d) Utilities. In general, the category utilities shall mean and include expenditures for the acquisition, construction, replacement, modernization, and/or extension of systems for distributing or disbursing utility services. Bondable utility costs may include but are not limited to the following items:
1) provisions for potable water, high-temperature water for sanitary or other related purposes, domestic hot or chilled water;
2) systems and associated components for disbursing or distributing electricity or providing telecommunications service, including underground or overhead distribution cables for television, computers, or other modes of communication;
3) steam and condensate returns;
4) storm and/or sanitary sewers;
5) fire hydrants and stand pipes;
6) central fire and security alert systems;
7) exterior lighting;
8) tap-ons or extensions related to existing utility systems;
9) automated temperature/environmental control systems, and air and water pollution control systems;
10) provisions for the disposal of scientific contaminated waste and surgical waste;
11) solar heating or other approved energy systems;
12) sewage and water treatment facilities, equipment and related distribution systems;
13) earth moving to create artificial lakes or reservoirs for utility or related conservation purposes;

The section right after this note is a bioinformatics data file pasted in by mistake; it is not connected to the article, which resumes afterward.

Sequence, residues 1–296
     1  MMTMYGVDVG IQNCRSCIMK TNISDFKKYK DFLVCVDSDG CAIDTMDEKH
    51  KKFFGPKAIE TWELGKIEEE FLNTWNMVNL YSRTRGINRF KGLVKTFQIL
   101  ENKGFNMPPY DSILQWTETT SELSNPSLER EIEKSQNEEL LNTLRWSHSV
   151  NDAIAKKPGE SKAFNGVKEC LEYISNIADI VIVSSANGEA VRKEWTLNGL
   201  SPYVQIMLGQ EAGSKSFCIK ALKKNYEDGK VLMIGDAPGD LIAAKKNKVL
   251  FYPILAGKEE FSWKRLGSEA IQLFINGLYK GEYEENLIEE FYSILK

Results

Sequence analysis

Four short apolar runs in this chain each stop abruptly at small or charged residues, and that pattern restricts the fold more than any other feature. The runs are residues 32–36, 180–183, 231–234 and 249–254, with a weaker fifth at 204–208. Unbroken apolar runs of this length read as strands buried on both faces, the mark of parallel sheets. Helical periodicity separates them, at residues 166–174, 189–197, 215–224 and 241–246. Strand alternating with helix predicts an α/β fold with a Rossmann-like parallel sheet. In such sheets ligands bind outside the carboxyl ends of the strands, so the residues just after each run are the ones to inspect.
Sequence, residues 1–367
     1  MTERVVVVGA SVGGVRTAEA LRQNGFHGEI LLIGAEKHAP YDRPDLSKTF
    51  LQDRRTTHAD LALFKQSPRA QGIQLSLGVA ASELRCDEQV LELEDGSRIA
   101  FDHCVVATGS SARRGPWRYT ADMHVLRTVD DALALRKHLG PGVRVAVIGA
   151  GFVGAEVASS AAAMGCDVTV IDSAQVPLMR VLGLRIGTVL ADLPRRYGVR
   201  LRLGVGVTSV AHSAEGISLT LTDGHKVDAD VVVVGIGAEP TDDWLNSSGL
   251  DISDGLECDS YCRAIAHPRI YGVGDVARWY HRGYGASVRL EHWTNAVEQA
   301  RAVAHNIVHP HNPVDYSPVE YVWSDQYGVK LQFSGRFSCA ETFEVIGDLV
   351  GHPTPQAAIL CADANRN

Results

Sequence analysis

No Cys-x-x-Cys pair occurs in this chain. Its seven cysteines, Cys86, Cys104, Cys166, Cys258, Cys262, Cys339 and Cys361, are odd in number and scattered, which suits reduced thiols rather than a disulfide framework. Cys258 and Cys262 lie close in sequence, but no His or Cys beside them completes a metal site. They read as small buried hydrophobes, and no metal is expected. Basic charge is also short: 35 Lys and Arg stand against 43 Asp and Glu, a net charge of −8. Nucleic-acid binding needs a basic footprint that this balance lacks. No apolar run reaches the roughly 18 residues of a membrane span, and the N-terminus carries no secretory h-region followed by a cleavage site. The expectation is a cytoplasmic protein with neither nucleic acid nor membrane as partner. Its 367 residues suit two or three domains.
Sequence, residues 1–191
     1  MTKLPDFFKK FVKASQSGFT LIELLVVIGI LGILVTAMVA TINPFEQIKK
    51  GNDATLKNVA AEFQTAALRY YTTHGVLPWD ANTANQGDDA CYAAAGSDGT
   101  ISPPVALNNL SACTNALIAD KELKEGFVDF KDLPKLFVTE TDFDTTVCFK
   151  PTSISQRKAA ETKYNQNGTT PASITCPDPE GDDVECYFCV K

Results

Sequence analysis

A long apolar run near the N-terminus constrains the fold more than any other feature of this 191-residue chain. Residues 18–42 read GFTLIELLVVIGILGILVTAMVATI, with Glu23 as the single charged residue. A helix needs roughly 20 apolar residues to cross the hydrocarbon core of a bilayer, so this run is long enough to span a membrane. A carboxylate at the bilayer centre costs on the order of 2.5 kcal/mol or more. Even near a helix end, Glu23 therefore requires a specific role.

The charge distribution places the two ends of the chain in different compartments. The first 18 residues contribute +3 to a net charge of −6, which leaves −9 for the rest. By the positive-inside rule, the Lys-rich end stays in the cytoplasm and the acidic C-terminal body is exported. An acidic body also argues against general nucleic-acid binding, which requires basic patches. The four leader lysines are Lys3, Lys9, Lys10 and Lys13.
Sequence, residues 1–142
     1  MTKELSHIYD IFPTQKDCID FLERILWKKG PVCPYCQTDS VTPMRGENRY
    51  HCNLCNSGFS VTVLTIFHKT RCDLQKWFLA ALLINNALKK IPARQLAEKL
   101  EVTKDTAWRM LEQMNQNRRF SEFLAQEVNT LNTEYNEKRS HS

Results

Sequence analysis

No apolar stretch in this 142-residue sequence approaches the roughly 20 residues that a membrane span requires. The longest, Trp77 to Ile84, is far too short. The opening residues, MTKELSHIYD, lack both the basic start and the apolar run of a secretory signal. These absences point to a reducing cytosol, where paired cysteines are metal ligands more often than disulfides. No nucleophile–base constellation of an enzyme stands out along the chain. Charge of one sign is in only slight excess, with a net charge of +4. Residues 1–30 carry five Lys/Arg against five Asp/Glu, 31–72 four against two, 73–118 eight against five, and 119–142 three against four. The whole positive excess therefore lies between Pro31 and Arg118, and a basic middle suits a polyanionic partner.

14) restoration of natural and/or man-made features of the site of any utilities installation to its original condition;
15) trenches or ditches dug for the purpose of laying tile or providing ducts to remove excessive rainfall and prevent erosion.
e) Durable movable equipment
1) Durable movable equipment shall mean initial movable equipment, including all items of initial equipment, other than built-in equipment, that are necessary and appropriate for the functioning of a particular facility for its specific purpose, and that will be used solely or primarily in the rooms or areas covered in the subject project. Further, such equipment is defined as manufactured items that have an extended useful life, are not affixed to a building and are capable of being moved or relocated from room to room or building to building, are not consumed in use, and have an identity and function that will not be lost through incorporation into a more complex unit.
2) In applying the above definition, reference should be made to the State Finance Act [30 ILCS 105], and the distinction between commodities (Section 15b of that Act) and equipment (Section 20) as defined by that Act. Within the context of that Act, the following guidelines should be applied in defining durable movable equipment:
i) Office/household equipment and furniture will be bondable.
ii) Machinery, implements and major tools will be bondable.
iii) Scientific instruments and apparatus will be bondable when they have a useful life similar to office equipment.